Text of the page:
More BBC pro-Labour propaganda

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John Rentoul is outraged that the BBC have chosen to cover the publication of the government’s new report on equality with the headline “Rich-poor divide ‘wider than 40 years ago’.” He is of course correct to point out that the main increase in inequality over the past 40 years took place during the Thatcher years.

But the Harriet Harman approved wording that he picks out of the report’s executive summary is equally misleading:

The large inequality growth between the late 1970s and early 1990s has not been reversed.

It certainly hasn’t been reversed, but that suggests that it has at leasted been reversing. The reality is somewhat different.

I would refer you, dear reader, to page 9 of the report which has a handy graph showing both the Gini coefficient and the 90/10 factor from 1961 to 2007. What this graph shows is that both measures of inequality peaked in 1991, dropped a bit as we came out of recession and then hovered around the same level in the years following. Indeed, while the 90/10 scale shows a slight dip in inequality since 1991 (to 1989’s levels), the Gini coefficient was at an all time high in 2007.

Since 2007 of course, we have had a major recession. Inequality spiked in 1991 for this reason and so we have every reason to believe it will have spiked again between 2007 and 2010. It is quite possible that both scales will exceed the 1991 levels.

So not only have Labour failed to reverse Thatcher’s increase in inequality, they’ve failed to make any impact on it at all.

The BBC should indeed change their headline. I would suggest that it reads “Rich-poor divide ‘wider than 1997′”. John Rentoul won’t like it but it would accurately reflect the real failings of this Labour government.

7 thoughts on “More BBC pro-Labour propaganda

  1. I find it hard to believe that you think a news article that describes inequality as being higher than at any point in the last 40 years to be “More BBC pro-Labour propaganda”. Come off it.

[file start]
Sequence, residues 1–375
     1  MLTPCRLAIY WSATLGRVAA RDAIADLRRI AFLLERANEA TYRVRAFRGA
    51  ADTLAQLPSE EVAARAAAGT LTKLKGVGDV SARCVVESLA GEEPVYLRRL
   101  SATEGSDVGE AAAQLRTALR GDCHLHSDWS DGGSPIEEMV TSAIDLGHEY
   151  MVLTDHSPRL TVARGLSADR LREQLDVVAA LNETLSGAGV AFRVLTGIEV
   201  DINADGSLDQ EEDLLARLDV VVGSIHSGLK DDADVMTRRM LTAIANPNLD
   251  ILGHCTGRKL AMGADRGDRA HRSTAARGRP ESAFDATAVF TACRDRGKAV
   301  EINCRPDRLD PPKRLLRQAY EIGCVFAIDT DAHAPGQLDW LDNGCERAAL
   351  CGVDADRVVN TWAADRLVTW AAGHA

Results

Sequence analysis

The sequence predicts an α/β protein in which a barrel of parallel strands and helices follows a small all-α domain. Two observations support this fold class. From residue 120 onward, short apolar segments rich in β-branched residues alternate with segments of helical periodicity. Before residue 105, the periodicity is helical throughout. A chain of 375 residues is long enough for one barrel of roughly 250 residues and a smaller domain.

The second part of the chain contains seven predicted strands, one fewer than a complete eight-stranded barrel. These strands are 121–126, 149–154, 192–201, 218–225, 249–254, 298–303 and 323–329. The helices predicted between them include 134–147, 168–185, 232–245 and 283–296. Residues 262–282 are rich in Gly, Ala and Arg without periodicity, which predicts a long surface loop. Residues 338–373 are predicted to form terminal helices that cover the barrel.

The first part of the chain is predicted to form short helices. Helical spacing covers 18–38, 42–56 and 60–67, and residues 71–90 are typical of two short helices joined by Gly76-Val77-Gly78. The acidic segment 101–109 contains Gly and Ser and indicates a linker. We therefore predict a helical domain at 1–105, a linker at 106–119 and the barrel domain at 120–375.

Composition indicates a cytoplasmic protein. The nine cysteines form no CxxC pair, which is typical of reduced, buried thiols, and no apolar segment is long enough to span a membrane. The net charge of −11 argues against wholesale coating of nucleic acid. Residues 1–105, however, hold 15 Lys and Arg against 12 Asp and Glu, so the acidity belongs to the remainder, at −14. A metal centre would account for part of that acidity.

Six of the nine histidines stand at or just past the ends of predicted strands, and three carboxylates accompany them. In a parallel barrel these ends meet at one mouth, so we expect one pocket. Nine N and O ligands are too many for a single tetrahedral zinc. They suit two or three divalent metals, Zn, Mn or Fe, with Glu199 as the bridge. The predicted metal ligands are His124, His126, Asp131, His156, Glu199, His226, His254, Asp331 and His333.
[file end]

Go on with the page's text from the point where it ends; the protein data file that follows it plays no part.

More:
2. I don’t, I was parodying John Rentoul’s claim that it was “anti-Labour propaganda”. If you aren’t prepared to respect this blog’s standard sarcasm disclaimer (see above) then you shouldn’t be reading it.

  3. Doesn’t inequality tend to increase with economic growth? (By some measures equality has increased in the US during the recent recession, as many people in the top quartile have seen significant falls in income). Looking at the graph on page 9 of that you mention the dips in inequality seem (just based on a glance, nothing more rigorous than that) to coincide with recessions…

  4. Tom,

    It is certainly the case that inequality increased during the last recession, although looking at the graph again, the experience in the 1970s appears to be more mixed. Generally, I would expect to see the wealthy holding onto their assets during a recession while the poorest struggle further, but it depends on what policies the government of the day has in place, clearly.

  5. Why are people surprised that Labour have not set about narrowing the poverty gap. The Labour party far more than the Conservatives or Lib Dems stand to benefit from a large, resentful underclass who know their place and vote for the party of … erm … lawyers, academics and media people.

    Labout have moved on, what they have failed to realise is many of their core vote have too but in a different direction.

  6. I agree with the general thrust of the email, but I’m also not convinced that recessions tend to increase inequality.

    Certainly from an asset perspective it’s only in a recession where inequality ever reasonably be reduced (because in a situation with economic growth the richest are likely to be most adept at capturing a share of that growth). It’s less clear from an income perspective, but the income of the top 10% is much more closely tied to asset appreciation than that of the bottom 10% (which will be social benefits, minimum wage, etc).

    Of course, all that aside, we still disagree as to whether income inequality is actually something in itself to be concerned about, or only one of many relevant statistics to examine when looking at poverty.

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